Five key tips for managing business growth from our Smart50 alumni

Kate Morris

Adore Beauty founder Kate Morris

Everyone wants growth – the question is what to do when you get it. Each week SmartCompany talks to SMEs about the emotional, strategic and leadership effort that it takes to keep your company stable (and your staff energetic) as your reach rapidly grows.

Luckily, there’s no shortage of advice from entrepreneurs who have faced these challenges and come out the other side. Here are five tips from previous finalists in SmartCompany‘s Smart50 Awards for how they managed their growing businesses.

1. Don’t be afraid of raising capital: Vinomofo, Smart50 class of 2015 

“We had gotten to the stage where [co-founder] Justin [Dry] and myself both had that real, genuine belief in our guts that Vinomofo could be this thing that is useful to everyone all over the world – that we could be an Uber or Airbnb,” Vinomofo founder Andre Eikmeier said in April.

“We started thinking about the rest of the world and reaching the rest of Australia a lot faster, and we came to the realisation that without the funding we’re actually holding back what we think we can achieve.”

With this belief, the co-founders embarked on their first $25 million capital raising, which will help them expand into the US in March 2017.

2. Consider selling a stake in your business: Adore Beauty, Smart50 class of 2014

In 2015 Kate Morris sold a 25% stake in her online retail business Adore Beauty to Woolworths. She said at the time that while taking on an investor wasn’t always a key goal, she was aware of the resources it would provide.

“It wasn’t something I was some necessarily aiming at,” she said.

“I really think a lot of businesses sometimes have a primary focus of ‘who can we get as investors’, but that’s the wrong way to go about it. You’ve got to think about what’s right for the customer and everything else comes after that. If you build a strong business, then success will follow.”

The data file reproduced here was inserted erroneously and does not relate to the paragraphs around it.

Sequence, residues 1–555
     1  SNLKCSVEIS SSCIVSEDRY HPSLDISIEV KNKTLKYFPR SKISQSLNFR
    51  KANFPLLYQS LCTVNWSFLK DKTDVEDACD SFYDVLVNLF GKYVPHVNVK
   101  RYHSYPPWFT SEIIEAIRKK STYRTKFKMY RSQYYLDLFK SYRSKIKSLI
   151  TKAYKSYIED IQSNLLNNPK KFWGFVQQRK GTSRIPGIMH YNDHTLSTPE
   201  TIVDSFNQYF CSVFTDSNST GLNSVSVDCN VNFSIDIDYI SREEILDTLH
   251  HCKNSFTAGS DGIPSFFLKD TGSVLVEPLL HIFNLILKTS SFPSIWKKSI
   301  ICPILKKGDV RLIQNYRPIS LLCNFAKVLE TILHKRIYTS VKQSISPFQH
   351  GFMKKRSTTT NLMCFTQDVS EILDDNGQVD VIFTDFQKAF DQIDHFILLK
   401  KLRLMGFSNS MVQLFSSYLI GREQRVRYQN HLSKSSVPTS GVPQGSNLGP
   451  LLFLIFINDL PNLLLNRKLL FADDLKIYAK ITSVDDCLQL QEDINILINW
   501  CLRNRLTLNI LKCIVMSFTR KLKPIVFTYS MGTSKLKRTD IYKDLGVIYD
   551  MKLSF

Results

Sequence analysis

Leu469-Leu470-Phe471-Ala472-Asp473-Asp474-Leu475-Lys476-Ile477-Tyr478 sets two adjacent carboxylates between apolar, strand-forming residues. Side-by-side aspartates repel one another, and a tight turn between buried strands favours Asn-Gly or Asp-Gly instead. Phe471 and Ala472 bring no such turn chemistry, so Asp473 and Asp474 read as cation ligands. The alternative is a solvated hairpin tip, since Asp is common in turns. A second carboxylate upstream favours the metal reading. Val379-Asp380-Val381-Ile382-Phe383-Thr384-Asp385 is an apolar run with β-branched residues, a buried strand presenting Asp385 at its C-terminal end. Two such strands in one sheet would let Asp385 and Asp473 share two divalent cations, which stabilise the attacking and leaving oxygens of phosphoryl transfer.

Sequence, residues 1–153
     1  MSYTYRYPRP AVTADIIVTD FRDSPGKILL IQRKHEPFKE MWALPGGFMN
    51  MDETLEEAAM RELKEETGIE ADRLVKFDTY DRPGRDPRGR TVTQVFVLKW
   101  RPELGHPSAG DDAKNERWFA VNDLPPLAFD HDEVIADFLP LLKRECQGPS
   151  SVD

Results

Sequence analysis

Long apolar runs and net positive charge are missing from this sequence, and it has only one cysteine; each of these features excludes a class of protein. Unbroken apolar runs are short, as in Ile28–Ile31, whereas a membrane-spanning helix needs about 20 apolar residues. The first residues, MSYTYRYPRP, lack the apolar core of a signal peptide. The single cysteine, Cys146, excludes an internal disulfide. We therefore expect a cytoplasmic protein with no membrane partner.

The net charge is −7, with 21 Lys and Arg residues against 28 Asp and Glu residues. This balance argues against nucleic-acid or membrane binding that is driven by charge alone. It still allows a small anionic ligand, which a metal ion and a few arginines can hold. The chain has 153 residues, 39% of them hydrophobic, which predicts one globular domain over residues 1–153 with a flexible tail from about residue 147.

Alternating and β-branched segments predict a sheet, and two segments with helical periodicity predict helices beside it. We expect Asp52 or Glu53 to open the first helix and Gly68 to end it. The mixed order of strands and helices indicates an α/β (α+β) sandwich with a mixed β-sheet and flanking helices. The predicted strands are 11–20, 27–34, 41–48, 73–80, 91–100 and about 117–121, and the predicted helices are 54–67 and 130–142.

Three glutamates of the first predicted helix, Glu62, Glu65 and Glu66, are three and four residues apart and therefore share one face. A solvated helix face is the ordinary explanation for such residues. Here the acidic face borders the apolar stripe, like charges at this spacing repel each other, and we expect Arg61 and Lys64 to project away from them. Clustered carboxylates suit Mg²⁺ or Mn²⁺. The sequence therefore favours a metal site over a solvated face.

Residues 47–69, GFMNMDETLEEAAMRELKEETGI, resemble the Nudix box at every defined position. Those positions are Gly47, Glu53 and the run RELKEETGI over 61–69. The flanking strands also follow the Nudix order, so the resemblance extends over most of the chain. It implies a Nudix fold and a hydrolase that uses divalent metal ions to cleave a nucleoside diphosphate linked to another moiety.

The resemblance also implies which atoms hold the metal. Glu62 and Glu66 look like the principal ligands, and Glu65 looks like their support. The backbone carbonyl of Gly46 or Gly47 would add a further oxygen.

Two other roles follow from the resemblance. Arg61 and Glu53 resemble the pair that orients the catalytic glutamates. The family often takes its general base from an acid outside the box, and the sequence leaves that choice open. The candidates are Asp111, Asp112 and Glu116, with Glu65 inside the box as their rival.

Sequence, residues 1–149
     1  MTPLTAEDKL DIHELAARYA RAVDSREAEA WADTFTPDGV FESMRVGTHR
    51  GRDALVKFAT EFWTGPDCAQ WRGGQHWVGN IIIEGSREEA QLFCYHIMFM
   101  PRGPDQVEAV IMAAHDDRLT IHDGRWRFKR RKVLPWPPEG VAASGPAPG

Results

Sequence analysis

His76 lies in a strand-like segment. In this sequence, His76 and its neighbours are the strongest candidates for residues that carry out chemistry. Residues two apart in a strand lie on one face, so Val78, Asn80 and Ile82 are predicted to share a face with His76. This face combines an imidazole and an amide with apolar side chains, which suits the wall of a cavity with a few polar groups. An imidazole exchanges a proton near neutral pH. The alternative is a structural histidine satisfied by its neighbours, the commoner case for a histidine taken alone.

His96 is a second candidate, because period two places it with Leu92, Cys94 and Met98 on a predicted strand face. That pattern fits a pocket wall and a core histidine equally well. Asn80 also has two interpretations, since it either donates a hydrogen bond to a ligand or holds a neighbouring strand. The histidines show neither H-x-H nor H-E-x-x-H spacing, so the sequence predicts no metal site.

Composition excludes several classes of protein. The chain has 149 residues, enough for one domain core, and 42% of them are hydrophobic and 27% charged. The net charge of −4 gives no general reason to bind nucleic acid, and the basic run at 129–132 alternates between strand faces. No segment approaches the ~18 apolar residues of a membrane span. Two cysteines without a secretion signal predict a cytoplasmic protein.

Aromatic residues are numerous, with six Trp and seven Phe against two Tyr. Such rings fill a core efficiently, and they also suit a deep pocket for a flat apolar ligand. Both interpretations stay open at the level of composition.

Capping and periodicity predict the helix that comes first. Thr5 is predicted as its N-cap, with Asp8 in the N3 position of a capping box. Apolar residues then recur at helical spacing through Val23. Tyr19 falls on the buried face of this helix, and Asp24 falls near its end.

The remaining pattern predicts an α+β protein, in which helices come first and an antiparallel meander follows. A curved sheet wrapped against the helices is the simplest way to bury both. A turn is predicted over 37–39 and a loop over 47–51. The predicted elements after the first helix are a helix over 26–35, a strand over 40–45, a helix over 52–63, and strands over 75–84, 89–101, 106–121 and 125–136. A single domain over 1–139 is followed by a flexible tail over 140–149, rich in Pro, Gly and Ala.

“[Woolworths] has a lot of recourses. This is a new vertical for them, premium beauty, but they already have a lot of core resources for running an online business.”

3. Get help from the experts:, Smart50 class of 2015 founder Luc Pettett recently sold his business to News Corp Australia and will stay on as chief executive. It’s a decision he believes is “a great result” for the business, but one that also took mental energy. To deal with that emotional toll, he recommends thinking about involving someone who is independent in deal negotiations.

“Much like selling a house, you need someone who is professional to help negotiate in between [the buyer and seller],” he said.

4. Look abroad, and fast: National Crime Check, Smart50 class of 2015 

The National Crime Check business grew by 133% between 2014 and 2015, but as founder Martin Lazarevic told SmartCompany last year, once the technology for the criminal history check provider was in place, it was time to “understanding how to push internationally quickly”.

“We are trying to change consumer behaviour to offer up a compelling alternative that can be easy to do and achieve the same end result,” he said.

“We have identified some international markets that would significantly benefit from our online solutions.

“We are looking to take what we have and implement the models into other likeminded countries where police checks are prevalent.”

5. Know the type of people you want in your business: Supercheap Storage, Smart50 class of 2015 

Storage experts Edward and Jordana Thirlwall have 27 franchises under the Supercheap Storage umbrella, and have faced the challenge of finding the right people that will deliver for the brand.

“Managing customer expectations professionally and efficiently is vital in this competitive market, so we need to ensure that we have the best franchisees on board,” Edward Thirlwell told SmartCompany last year.

“We now have a set criteria for anyone looking to become a Supercheap Storage franchisee. Prospective franchisees must be a good cultural fit, have a desire for success, ambition to be a small business owner, happy to get their hands dirty and get involved in the business.”


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